A Growing Epidemic
When he was in California a few years ago to talk to the CSBA, U.S. Surgeon General Richard Carmona described obesity as “… the fastest growing, most threatening disease in America today.” In California, public health data show nearly 30 percent of children and teens are overweight or obese. These numbers have more than doubled in the last 10 years. In 2004, seven of the 10 largest cities in California had childhood overweight rates ranging from 36.3 percent in Los Angeles to 24.4 percent in San Francisco (see The Growing Epidemic: Childhood Overweight Rates on the Rise in California Assembly Districts, California Center for Public Health Advocacy, August 2005).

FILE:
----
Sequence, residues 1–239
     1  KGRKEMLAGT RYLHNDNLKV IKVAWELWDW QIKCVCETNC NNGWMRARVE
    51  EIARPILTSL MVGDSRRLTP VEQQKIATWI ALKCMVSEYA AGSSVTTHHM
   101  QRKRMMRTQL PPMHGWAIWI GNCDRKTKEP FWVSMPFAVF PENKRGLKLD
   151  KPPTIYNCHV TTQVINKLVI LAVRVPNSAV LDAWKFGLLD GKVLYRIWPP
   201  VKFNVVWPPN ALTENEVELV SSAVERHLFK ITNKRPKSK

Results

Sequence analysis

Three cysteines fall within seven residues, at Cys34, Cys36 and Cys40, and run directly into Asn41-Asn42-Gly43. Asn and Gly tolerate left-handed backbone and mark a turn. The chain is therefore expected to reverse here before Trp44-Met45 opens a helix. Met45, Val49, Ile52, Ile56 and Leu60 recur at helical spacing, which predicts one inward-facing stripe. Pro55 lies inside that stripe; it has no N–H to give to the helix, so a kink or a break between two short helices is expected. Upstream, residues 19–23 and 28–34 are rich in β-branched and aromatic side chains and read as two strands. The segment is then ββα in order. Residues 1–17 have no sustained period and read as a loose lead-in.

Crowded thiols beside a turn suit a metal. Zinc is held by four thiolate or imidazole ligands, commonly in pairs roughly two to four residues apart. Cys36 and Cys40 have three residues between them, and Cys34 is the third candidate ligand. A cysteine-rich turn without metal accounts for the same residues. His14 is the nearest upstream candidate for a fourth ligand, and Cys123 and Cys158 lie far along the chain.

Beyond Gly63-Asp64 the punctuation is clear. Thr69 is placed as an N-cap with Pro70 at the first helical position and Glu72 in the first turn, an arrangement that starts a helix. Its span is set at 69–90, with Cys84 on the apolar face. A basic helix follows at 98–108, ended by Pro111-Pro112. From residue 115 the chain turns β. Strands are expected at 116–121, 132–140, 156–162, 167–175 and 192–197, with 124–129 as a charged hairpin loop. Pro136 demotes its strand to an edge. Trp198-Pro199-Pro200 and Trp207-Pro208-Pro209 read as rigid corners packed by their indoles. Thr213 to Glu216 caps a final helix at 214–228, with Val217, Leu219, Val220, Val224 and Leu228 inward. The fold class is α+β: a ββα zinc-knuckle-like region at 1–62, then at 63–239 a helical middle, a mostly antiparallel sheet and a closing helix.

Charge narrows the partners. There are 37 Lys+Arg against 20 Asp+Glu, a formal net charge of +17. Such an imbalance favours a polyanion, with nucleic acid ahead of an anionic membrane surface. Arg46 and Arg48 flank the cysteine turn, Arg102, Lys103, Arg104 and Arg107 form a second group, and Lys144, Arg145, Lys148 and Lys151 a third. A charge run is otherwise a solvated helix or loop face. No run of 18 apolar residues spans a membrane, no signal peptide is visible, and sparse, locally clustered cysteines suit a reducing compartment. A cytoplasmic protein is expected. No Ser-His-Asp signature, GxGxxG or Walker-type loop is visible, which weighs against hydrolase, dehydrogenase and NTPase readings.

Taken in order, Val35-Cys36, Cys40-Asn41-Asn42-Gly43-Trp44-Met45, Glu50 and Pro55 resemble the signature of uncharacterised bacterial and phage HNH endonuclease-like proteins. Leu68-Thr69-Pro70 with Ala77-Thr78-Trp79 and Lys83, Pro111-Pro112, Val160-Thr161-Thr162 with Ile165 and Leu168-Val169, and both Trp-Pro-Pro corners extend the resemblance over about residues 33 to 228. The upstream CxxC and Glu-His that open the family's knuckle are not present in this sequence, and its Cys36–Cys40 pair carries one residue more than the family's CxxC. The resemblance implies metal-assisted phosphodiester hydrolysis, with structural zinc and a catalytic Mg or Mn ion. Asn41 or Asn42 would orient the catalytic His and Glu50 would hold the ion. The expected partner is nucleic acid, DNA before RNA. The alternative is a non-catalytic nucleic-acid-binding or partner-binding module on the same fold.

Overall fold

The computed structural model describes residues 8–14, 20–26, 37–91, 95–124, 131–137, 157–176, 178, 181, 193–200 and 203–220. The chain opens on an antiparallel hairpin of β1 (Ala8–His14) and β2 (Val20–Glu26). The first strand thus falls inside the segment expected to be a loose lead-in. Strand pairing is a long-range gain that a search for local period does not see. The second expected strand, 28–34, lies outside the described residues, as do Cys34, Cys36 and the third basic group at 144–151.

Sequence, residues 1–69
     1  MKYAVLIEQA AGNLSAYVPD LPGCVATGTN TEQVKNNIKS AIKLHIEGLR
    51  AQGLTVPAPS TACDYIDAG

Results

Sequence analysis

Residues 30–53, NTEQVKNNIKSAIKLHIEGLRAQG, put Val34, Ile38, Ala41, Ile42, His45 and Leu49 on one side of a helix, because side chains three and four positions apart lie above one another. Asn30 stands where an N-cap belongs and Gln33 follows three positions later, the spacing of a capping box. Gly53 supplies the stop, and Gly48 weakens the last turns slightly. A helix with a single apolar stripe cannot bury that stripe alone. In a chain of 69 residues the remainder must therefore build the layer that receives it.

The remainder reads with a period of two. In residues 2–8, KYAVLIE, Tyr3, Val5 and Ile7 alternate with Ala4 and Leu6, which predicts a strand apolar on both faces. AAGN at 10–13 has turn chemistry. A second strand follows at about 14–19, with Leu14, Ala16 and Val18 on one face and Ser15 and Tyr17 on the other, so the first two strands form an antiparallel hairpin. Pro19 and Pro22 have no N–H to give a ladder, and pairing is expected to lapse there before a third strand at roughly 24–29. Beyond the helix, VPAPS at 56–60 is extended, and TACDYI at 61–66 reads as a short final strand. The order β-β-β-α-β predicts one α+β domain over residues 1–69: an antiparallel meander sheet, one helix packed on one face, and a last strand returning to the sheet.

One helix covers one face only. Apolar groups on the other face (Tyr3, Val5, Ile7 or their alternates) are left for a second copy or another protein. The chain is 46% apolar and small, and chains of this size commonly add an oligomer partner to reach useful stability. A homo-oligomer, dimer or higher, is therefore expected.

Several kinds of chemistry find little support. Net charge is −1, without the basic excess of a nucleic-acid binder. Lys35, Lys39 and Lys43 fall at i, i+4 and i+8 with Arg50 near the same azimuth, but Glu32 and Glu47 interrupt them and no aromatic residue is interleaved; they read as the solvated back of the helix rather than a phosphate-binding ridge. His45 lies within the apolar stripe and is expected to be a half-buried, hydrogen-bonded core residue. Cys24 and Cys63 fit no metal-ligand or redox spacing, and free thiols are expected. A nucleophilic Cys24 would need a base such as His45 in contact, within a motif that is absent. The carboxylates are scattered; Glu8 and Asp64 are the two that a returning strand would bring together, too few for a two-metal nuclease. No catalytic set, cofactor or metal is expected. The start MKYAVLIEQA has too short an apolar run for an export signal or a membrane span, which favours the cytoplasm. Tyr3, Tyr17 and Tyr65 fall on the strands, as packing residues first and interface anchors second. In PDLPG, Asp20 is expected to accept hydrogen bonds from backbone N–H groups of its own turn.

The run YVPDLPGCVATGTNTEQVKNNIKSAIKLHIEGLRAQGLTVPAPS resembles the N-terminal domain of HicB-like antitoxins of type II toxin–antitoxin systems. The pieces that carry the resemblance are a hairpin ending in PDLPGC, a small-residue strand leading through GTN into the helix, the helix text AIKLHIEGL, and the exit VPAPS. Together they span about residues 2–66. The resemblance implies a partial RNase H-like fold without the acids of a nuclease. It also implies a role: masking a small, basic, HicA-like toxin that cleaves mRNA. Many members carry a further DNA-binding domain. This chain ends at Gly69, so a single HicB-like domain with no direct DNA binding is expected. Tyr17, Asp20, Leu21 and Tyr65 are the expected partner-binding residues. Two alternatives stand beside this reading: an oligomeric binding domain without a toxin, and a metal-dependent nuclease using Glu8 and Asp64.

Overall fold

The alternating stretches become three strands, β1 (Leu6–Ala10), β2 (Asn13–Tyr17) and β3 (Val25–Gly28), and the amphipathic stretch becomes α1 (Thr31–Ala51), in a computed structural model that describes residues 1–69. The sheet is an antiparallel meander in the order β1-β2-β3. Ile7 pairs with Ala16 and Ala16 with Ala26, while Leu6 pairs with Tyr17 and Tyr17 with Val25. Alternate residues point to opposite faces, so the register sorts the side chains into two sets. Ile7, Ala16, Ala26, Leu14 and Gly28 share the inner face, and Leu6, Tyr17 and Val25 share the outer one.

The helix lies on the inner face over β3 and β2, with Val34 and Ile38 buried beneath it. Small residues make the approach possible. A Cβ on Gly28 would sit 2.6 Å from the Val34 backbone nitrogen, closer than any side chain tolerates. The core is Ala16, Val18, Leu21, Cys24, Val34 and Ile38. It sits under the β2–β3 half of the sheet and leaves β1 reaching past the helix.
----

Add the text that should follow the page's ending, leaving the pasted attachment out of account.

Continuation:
By most public health measures, this is an epidemic, but somehow we don’t think of it that way until we talk about the economic costs of neglecting this public health crisis. According to the UCLA Center for Health Policy Research, California spent $7.7 billion in 2003 on direct health care costs attributed to obesity alone. For the first time in U.S. history, children no longer have a life expectancy greater than their parents’. Collectively, today’s children will have less productive school and work lives, higher medical expenses and a decreased quality of life.
The Anti-Obesity Formula: Physical Activity and Nutrition
Like many people of my generation, I walked to and from school, even walking home for lunch and returning to school for the afternoon session. Children who walk to school are now an endangered species. Parents either shoulder the responsibility of driving their increasingly obese children to school (sometimes only blocks away) because of safety concerns, or car pools or buses are used. In most cases, however, kids simply do not get themselves to school; they have become used to being chauffeured.